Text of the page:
On Saturday, March 12, over 70 Grade 7-10 students from schools around the province arrived bright and early to the University of Saskatchewan to participate in this year’s installment of the Saskatchewan Math Challenge, a provincial math challenge co-sponsored by the Saskatchewan Math Teachers’ Society and the University of Saskatchewan. This year, the Math Challenge was also assisted by generous support from the University of Saskatchewan Department of Mathematics and Statistics.
Participating students competed as teams of 3 to 5 in solving problems, enrolled in one of two levels: Grade 7-8 and Grade 9-10. In the morning, while the Grade 7-8 students worked at a variety of stations where they used hands-on materials to solve diverse mathematical problems with their teams, the Grade 9-10 students worked on two group exams. As the students worked together to solve the given problems, laughter, cheering, and friendly arguments were heard across the halls.
After refueling over lunch at Marquis Hall, the students were ready for some more mathematics. This time, the Grade 7-8 students wrote a group exam, followed by a high-energy, competitive, hands-on activity, while the Grade 9-10 students worked on a longer problem whose solution they presented to a panel of judges. The students’ creativity, communication, and problem-solving skills shone! The panel presentation was a new aspect of the Math Challenge, intended to give participants the opportunity to communicate mathematically in a new way and to make their creative ideas public.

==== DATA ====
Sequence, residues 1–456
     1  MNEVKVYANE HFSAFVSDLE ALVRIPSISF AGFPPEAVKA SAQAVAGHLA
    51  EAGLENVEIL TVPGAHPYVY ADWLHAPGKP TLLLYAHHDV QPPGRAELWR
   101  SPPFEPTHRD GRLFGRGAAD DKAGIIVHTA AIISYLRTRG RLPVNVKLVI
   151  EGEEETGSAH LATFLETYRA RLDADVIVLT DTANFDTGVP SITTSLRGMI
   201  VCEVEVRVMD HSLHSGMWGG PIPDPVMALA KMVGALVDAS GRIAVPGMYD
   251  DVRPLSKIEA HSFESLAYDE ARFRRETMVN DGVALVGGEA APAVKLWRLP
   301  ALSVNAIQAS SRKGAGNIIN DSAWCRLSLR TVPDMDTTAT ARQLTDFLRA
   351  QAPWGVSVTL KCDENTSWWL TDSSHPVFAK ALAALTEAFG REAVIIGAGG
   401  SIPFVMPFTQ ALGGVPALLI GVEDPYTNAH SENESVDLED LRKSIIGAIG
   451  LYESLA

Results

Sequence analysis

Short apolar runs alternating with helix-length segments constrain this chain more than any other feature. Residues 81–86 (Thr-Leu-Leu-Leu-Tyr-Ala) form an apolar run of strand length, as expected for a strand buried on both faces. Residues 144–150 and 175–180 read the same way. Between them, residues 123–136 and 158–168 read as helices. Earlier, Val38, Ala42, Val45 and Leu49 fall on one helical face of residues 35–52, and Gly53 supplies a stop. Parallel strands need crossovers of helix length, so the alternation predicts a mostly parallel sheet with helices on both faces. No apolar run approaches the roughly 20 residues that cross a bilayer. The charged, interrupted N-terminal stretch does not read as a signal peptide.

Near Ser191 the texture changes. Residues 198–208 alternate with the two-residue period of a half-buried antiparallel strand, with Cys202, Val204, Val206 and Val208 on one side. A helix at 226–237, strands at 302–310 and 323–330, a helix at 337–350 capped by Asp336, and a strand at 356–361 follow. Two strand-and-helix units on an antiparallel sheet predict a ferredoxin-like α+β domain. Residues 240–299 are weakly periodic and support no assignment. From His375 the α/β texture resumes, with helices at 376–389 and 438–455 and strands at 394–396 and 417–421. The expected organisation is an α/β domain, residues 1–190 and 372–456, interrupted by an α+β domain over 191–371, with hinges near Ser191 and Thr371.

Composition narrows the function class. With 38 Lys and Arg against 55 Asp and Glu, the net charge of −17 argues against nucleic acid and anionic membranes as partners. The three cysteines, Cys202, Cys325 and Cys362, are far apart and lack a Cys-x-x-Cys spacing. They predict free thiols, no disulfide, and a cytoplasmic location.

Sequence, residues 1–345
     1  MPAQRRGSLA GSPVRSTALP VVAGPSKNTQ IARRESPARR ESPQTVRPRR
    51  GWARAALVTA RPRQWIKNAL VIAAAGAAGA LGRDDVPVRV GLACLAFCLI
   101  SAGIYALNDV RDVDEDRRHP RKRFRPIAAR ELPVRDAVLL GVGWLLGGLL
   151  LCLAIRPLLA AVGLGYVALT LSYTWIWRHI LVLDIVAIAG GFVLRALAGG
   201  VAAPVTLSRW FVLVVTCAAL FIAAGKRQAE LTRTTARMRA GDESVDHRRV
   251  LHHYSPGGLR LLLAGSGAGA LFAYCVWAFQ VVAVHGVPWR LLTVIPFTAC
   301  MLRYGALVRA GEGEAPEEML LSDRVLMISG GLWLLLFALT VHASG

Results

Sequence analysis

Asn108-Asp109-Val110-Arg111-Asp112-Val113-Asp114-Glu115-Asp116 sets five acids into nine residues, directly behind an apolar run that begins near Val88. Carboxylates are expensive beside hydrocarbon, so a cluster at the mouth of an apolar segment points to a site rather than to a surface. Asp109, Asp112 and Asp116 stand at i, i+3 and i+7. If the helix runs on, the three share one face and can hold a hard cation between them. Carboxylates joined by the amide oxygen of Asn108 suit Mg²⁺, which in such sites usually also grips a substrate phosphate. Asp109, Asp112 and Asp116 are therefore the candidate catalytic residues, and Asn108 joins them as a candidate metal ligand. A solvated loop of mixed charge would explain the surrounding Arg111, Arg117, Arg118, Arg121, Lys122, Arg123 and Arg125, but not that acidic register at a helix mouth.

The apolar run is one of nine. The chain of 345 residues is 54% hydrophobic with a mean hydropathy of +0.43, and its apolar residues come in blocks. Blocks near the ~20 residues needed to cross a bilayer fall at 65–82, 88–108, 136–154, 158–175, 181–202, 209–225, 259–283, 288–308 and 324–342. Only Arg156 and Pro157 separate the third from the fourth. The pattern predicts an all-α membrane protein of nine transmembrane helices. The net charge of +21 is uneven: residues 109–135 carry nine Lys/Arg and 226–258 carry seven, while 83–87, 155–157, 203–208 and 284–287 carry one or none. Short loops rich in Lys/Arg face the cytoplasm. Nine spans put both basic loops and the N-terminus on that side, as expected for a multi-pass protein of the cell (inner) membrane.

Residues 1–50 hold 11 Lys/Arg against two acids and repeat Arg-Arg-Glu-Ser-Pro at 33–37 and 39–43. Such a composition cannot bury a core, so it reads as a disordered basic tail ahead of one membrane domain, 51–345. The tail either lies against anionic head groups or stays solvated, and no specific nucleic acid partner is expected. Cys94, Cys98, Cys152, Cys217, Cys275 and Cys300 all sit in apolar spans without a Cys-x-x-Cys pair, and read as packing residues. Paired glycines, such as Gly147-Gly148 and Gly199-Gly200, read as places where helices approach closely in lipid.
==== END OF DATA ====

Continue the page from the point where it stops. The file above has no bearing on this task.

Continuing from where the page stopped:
The two Grade 7-8 teams with the lowest average times for completing the puzzles during the hands-on activity, as well as the two Grade 9-10 teams with the highest presentation scores (judged on mathematical accuracy, clarity, and creativity) had the opportunity to choose among some fantastic prizes donated by local businesses, including Amazing Stories, Puzzle Master, Dragon’s Den, King Me Boardgamery, and Broadway Cafe.
Based on both student and coach feedback and the excellent work submitted and presented by participating students, the day was a rousing success. We wish to thank all participants for their energy and enthusiasm, as well as their coaches for their commitment to their students: We recognize and value the time you spend to enrich your students’ mathematics learning. It is with sadness that we say goodbye to Math Challenge 2016 – already, we’re looking forward to next year’s installment! We hope to see you there.
A note to participants and coaches: Exam results will be mailed to your school within the next two weeks. If you do not receive your results, please contact Nat Banting at firstname.lastname@example.org.
If you or your students are looking for another great opportunity to do some collaborative mathematical problem solving, consider the Canadian Math Team Challenge, which will be held on April 7th at Walter Murray Collegiate Institute in Saskatoon. Students from Grades 9-12 can register for free in teams of 6; registration includes supper and some terrific prizes. To register or for more information, contact Amanda Culver at email@example.com.